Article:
The inflow of East Europeans is frequently referred to in the mass media; the “Polish plumber” and his confrères are alternately praised as a fine example of hard-working enterprise, filling important gaps in the labour market, and condemned as undermining the job security and wage levels of the British worker. It is worth adding therefore that the 468,000 extra workers from Eastern Europe are only 33.5 per cent of the 1,396,000 extra foreign-born in the labour force over the seven-year period.
Direct information on the size of ethnic minorities in 2006 is available from experimental estimates for England produced by the Office for National Statistics in 2008. The population of working age had increased by 4.1 per cent overall, with the White British contribution being a tiny 0.3 per cent, and White Irish numbers decreasing by 14.1 per cent. The largest increase for any group in this period was estimated at 84 per cent for the Chinese; Other Ethnic Groups grew by 73 per cent, and Black Africans by 56 per cent. Other Whites grew by 34 per cent, Other Asians by 41 per cent and Other Black numbers by 27 per cent; the four ethnic categories covering people of ethnically mixed descent grew by percentages in the 40s. Total Indians of working age grew by 30 per cent, Pakistanis by 29 per cent, Bangladeshis by 33 per cent, and Black Caribbeans by 7 per cent. Many of these figures are very substantial increases over a five-year interval, so it must be recognised that a substantial part of these increases represent the maturing age profiles of ethnic minorities, not necessarily increased levels of immigration. Communities with many young adults produce more children than those with many older adults. Hence the lower Black Caribbean growth rate is a reflection of an age profile closer to that of the White British than that of many other minorities.
The United Kingdom has a long record of immigration and settlement, leading to the formation of substantial ethnic minorities. In the phase of immigration many minorities have a labour market profile quite different from that of the majority White British population. Particular industries are characteristic, unemployment levels are frequently higher, and economic activity rates are often lower. As the British-born generations become more significant parts of ethnic minorities there is however a pattern of convergence on the White British labour market profile. As yet only the White Irish can possibly be said to have arrived at parity with the majority population. There is a strong commitment by government and the leading political parties to equality of opportunity for ethnic minorities in the United Kingdom. This backed up by a strong legal framework, and a dedicated institutional framework for enforcement. It may therefore be paradoxical that for much of the last century government has apparently been in the process of trying to restrict further immigration, except from Ireland, and latterly from the European Union. As the figures nevertheless show, these efforts have largely failed, and the economy continues to attract large numbers of new workers from overseas. With the passage of time new ethnic minorities expand, even as the growth of older groups stabilises. This is not to say that immigration restrictions have no effect. Individuals and particular communities may be effectively excluded, but in aggregate restrictions are unsuccessful.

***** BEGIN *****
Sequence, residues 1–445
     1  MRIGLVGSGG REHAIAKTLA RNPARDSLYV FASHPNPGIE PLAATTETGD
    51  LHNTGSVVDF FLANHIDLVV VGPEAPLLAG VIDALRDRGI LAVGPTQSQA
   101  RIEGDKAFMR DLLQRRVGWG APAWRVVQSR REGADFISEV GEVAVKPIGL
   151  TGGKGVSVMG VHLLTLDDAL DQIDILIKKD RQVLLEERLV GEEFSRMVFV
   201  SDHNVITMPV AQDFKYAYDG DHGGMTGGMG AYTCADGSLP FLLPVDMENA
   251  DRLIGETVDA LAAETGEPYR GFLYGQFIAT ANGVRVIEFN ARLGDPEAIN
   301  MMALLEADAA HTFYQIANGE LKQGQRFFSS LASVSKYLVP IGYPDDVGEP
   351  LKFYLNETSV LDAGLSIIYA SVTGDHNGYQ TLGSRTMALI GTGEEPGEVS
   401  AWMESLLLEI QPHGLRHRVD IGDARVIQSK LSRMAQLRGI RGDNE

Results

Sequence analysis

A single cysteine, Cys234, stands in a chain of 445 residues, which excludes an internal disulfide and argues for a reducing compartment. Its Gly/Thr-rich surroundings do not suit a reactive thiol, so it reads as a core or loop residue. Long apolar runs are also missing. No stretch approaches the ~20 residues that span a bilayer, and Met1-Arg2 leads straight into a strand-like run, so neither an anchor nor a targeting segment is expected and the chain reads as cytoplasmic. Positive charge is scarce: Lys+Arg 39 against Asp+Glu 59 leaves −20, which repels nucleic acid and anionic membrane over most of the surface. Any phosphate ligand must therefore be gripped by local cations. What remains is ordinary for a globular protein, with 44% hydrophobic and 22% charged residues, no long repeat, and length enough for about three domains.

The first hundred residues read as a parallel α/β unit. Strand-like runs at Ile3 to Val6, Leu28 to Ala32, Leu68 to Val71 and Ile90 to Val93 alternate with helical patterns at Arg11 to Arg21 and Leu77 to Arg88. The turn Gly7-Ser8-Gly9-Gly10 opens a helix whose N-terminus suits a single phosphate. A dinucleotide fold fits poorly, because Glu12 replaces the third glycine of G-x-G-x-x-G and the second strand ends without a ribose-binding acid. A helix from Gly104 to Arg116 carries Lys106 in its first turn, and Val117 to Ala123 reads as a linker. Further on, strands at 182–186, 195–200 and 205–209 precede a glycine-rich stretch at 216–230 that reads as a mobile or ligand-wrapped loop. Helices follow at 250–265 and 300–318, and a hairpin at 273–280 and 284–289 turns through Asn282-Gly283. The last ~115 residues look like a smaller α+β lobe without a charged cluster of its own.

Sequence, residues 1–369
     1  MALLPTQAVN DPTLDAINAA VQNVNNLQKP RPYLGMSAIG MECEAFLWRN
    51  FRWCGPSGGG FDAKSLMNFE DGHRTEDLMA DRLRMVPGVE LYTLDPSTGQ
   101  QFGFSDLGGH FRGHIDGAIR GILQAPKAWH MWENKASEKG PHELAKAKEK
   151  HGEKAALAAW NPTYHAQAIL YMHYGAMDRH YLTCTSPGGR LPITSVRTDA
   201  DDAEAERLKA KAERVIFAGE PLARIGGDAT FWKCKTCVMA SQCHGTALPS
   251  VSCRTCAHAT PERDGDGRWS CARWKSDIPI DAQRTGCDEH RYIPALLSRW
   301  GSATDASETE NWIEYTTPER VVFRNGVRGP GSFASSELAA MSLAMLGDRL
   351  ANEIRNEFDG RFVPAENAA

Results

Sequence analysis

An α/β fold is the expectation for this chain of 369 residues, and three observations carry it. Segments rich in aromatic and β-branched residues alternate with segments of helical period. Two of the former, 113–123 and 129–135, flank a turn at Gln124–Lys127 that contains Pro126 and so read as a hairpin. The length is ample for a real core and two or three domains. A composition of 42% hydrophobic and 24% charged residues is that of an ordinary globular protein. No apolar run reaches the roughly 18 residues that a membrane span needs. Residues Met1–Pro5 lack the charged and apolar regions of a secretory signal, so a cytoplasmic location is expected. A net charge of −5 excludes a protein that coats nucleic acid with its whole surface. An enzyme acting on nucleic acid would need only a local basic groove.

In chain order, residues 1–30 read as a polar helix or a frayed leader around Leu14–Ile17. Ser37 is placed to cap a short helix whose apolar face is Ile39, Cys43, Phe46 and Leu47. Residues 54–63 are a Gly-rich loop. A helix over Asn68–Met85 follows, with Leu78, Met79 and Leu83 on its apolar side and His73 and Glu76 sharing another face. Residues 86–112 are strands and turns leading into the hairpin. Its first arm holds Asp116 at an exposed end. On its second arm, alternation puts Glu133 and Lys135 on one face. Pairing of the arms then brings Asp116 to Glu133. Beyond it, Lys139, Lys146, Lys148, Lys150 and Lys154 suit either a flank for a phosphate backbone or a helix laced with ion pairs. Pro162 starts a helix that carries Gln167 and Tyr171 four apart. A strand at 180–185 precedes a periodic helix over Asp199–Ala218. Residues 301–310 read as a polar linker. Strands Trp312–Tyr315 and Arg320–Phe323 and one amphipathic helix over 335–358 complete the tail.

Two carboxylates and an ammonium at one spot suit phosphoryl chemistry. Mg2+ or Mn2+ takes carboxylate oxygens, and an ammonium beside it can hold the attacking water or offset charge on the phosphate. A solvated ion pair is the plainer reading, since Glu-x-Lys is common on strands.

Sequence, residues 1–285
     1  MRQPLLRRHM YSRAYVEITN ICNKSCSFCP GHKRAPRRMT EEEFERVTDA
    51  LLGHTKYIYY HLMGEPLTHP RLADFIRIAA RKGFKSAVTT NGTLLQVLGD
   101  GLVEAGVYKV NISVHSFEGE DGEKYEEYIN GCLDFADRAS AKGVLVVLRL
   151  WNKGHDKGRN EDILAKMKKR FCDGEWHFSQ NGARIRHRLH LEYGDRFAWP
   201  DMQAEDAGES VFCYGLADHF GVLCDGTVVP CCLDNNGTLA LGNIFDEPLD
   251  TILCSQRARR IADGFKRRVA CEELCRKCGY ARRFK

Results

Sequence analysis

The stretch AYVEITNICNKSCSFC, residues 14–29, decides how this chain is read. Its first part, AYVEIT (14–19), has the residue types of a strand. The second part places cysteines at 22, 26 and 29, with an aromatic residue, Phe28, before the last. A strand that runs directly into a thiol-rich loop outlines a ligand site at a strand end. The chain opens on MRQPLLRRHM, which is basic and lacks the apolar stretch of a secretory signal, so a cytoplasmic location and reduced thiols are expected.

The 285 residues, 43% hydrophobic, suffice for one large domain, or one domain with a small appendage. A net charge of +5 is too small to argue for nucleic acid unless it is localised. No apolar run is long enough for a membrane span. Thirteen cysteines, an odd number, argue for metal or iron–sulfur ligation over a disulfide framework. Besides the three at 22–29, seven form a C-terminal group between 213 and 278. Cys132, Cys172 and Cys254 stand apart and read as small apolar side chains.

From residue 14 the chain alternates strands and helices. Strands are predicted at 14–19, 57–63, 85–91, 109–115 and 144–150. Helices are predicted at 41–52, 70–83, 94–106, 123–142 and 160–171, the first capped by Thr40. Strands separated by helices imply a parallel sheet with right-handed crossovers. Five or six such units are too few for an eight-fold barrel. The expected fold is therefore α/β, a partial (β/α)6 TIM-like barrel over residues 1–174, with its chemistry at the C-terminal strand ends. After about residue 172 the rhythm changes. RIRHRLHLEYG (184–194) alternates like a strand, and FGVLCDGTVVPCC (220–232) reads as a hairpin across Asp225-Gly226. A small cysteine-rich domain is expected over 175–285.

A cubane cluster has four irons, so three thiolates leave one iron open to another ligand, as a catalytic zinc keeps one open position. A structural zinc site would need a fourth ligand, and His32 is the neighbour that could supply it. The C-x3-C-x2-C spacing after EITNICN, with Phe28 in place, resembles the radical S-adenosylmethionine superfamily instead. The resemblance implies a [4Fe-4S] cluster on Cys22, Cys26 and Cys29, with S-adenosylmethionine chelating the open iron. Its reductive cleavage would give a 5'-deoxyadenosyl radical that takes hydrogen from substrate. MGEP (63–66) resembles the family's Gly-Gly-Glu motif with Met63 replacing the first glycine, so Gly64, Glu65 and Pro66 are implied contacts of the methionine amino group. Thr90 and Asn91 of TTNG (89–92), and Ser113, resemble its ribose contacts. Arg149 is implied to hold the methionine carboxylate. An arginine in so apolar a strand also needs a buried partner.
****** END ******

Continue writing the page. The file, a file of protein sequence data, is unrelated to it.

Unless a specific source is quoted the data used in this report have been drawn from the 2001 census reports. Census output is Crown copyright and is reproduced by permission of the Controller of HMSO and the Queen’s Printer for Scotland. The experimental mid-year estimates are also Crown copyright.
Readers of contemporary British literature will find that the favoured terminology for the groups referred to in this report as ethnic minorities is minority ethnic groups or Black and minority ethnic groups. Our usage follows more common international practice.
Anthias, F./Cederberg, M.: Using Ethnic Bonds in Self-Employment and the Issue of Social Capital (Journal of Ethnic and Migration Studies, 35, 6, 901-917, 2009).
Barrett, G.A./McEvoy, D.: Not All Can Win Prizes: Asians in the British Labour Market, in Hillman, F., Spaan, E. and van Naerssen, T. (eds) Asian Immigrants on European Labour Markets, Routledge, 21-41, 2005.
Clancy, G.: Employment of Foreign Workers in the United Kingdom: 1997 to 2008, Economic & Labour Market Review, 2, 7, 18-30, 2008.
Clark, K./Drinkwater, S.: Recent trends in minority ethnic entrepreneurship in Britain (International Small Business Journal, forthcoming).
Coleman, D./Salt, J.: The British Population. Patterns, Trends and Processes (Oxford: Oxford University Press, 1992).
Coleman, D./Salt, J.: The Ethnic Group Question in the 1991 Census: A New Landmark in British Social Statistics, in D. Coleman and J. Salt (eds) Ethnicity in the 1991 Census. Volume One. Demographic Characteristics of the Ethnic Minority Populations (London: HMSO, 1-32, 1996).
Connolly, H./White, A.: The different experiences of the United Kingdom’s ethnic and religious populations, Social Trends, 36, 1-8, 2006.
Dobbs, J./Green, H./Zealey, L.: Focus on Ethnicity and Religion (Basingstoke: Palgrave Macmillan, 2006). (Available online at www.statistics.gov.uk.)
McEvoy, D./Hafeez, K.: Ethnic Enclaves or Middleman Minority? Regional Patterns of Ethnic Minority Entrepreneurship in Britain (International Journal of Business and Globalisation, 3, 1, 94-110, 2009).
Platt, L./Simpson L./Akinwale, B.: Stability and Change in Ethnic Groups in England and Wales, Population Trends, 121, 35-46, 2005.